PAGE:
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Our group is mainly focused on the study of the cellular and molecular organization of neurogenic areas in the adult central nervous system and its comparison between different species, from fish to mammals, including humans. We have pioneered the identification of adult neurogenic areas in reptiles, and have participated in the identification of neural stem cells in fish, birds and mammals (including humans).

One of our main research lines is based on the study of the activation and/or modulation of neural stem cells, both at oligodendrogenesis as neurogenesis, in neurodegenerative diseases. Besides, we do not only address these problems with endogenous cells; we have also assessed the use of exogenous stem cells from both bone marrow and fat tissue. For this purpose, we have fine-tuned several techniques, especially with the refinement of classic immunogold electron microscopy, to be able to track transplanted cells.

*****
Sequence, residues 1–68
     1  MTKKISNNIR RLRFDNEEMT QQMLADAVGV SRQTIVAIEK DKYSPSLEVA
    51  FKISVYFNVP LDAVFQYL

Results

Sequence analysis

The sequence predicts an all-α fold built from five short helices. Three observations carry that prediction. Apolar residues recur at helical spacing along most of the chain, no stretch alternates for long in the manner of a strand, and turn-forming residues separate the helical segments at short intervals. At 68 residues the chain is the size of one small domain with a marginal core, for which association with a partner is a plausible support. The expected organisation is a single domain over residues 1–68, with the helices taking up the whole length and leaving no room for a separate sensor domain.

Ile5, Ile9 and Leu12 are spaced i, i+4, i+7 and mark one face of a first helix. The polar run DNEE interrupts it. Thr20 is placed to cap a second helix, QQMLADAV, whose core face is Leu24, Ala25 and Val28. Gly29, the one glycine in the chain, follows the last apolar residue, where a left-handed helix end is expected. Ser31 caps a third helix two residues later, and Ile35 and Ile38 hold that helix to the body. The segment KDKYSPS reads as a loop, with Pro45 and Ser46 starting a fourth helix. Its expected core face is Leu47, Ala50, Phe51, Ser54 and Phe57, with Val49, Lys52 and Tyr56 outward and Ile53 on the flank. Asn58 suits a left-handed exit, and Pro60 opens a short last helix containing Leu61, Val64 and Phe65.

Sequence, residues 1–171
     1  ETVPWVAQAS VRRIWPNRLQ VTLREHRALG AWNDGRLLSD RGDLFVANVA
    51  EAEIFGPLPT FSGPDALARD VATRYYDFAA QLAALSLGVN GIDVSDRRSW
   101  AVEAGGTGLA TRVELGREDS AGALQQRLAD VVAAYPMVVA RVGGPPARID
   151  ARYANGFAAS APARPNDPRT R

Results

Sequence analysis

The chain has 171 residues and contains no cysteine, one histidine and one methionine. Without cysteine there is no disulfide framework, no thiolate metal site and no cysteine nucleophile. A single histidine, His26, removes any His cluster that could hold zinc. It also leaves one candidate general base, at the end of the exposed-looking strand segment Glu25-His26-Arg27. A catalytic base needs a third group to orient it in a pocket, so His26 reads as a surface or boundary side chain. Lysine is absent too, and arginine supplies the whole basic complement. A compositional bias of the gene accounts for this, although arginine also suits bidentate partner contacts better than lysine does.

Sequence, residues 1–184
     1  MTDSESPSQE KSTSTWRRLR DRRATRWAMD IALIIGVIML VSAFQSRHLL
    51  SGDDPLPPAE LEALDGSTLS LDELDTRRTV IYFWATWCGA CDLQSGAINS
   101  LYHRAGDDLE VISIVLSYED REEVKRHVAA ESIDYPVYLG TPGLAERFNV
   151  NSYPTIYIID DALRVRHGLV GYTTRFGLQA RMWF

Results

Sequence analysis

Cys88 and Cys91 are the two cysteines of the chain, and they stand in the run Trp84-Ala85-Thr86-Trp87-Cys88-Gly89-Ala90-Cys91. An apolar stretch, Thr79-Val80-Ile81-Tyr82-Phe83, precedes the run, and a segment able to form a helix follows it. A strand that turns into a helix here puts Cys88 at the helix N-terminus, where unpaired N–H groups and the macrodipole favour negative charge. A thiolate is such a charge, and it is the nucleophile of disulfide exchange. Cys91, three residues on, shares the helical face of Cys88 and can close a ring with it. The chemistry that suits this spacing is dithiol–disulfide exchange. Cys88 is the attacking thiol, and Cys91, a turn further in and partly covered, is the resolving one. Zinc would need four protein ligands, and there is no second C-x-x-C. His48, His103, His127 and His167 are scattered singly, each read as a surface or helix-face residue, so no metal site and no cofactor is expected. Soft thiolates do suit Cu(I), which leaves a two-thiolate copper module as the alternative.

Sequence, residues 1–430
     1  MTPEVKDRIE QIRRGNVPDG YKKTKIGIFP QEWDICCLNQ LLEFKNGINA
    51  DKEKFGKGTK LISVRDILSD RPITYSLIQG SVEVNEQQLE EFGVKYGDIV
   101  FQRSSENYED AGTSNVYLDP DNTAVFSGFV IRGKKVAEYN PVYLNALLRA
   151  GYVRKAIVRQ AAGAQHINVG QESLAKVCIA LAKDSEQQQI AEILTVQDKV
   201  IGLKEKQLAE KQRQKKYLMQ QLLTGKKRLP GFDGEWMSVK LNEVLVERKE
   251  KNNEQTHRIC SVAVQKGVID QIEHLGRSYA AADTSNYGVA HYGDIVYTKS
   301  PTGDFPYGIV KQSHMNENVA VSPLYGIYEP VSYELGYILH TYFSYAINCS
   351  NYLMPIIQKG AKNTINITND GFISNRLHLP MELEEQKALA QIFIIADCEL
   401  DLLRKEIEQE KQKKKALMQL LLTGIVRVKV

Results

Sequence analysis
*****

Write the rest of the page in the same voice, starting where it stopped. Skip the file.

Aware of the differences between the human and the rodent brain, we engaged in projects involving early neurogenesis in humans. In this regard, one of our ongoing investigations is based on the discovery of neural migration from the ventricles to the prefrontal cortex, occurring in the human postnatal brain. This study is part of a larger project aimed at learning about the structural and functional organization of the human brain, within which also frames the discovery of the existence of stem cells in our brain.

Finally, also noteworthy are our efforts to become a national and international reference in the electron microscopy field, as confirmed by our numerous collaborations.